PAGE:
Senators expect freewheeling floor debate

By Geof Koss | 01/21/2016 07:17 AM EST

Senators from both parties yesterday said they expect a wide-open floor debate as the chamber takes up a bipartisan energy package that backers are hoping President Obama will sign.

Senators from both parties yesterday said they expect a wide-open floor debate as the chamber takes up a bipartisan energy package that backers are hoping President Obama will sign.

In announcing plans to bring the bill (S. 2012) to the floor next — probably next week — Majority Leader Mitch McConnell (R-Ky.) yesterday made clear he’s hoping to notch another bipartisan win to his list of accomplishments since taking control of the Senate last year.

"It’ll be open for amendment, and since it came out of committee 18-4, I hope we’ll be able to replicate what we did on frequent occasions last year with the rewrite of No Child Left Behind, the highway bill and other matters," McConnell told reporters after the weekly caucus lunches.


Asked about the bill’s prospects, Senate Minority Whip Dick Durbin (D-Ill.) said it was too early to tell how the floor debate might unfold.

"I can’t say," he told reporters yesterday, adding, "It’s time for us to roll up our sleeves and do something here."

Members of the Senate Energy and Natural Resources Committee signaled they’ll be looking to the July markup of the bill for inspiration for floor amendments.

Washington Sen. Maria Cantwell, who as top Democrat on the panel helped Energy Chairwoman Lisa Murkowski (R-Alaska) write the bill, said a proposal by Sen. Al Franken (D-Minn.) to create a federal efficiency resource standard for retail suppliers of electricity and natural gas is on her wish list.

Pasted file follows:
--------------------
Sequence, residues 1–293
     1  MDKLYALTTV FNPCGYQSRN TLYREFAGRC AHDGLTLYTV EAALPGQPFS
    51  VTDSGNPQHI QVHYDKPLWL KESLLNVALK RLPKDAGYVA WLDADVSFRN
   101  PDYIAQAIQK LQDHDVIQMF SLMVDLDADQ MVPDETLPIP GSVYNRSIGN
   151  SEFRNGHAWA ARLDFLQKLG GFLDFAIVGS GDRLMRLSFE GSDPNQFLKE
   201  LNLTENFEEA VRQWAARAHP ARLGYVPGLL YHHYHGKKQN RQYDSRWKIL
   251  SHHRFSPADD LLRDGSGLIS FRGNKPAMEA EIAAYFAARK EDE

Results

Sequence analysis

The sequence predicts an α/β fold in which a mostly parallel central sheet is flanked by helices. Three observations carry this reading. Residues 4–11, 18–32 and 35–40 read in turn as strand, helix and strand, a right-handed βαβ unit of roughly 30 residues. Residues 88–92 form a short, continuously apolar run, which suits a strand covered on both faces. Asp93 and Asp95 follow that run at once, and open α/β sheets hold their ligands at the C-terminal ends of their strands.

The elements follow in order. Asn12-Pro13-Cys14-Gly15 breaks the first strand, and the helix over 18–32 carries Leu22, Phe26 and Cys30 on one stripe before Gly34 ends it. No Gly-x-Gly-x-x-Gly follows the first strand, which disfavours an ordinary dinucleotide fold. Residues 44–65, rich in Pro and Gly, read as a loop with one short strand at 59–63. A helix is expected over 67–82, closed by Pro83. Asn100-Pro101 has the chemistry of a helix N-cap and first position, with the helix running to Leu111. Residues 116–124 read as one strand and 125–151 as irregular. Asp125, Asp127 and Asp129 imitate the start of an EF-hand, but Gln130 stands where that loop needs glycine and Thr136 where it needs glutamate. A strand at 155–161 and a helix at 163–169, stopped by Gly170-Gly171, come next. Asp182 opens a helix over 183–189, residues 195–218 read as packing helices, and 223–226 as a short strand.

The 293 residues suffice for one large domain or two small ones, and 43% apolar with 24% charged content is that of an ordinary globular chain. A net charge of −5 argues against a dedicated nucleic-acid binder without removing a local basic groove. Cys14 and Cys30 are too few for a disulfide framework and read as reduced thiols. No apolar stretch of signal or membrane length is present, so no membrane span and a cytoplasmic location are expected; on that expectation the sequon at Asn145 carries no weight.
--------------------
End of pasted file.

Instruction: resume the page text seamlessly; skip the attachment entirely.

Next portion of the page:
Franken’s amendment failed to gain support of a majority of the committee last year, but Cantwell said the proposal and others are likely to resurface on the floor (Greenwire, July 28, 2015).

"There will be a lot of things like that," she told E&E Daily yesterday.

Sen. Cory Gardner (R-Colo.), an Energy panel member, said his side is looking to proposals that didn’t make the cut in committee, as well.

"There may be some nuts-and-bolts amendments that we are looking at that we just didn’t get prepared in time for the committee activity, but they shouldn’t be controversial," he told E&E Daily yesterday.

Some of the amendments are likely to address "some permitting issues that we are working through," but Gardner reiterated that he didn’t expect the proposals to be controversial. Infrastructure permitting is one area that Republicans said earlier this week was likely to emerge during the floor debate (E&E Daily, Jan. 20).

Gardner said he had no plans to bring up the sage grouse amendment he has pushed in several floor debates over the past year — a concession to the fact that he wants to see the bill signed into law.

"It’s something that I have not looked at for this bill," he said. "This is an 18-4 committee product. I’d like to see that same support coming out of the Senate."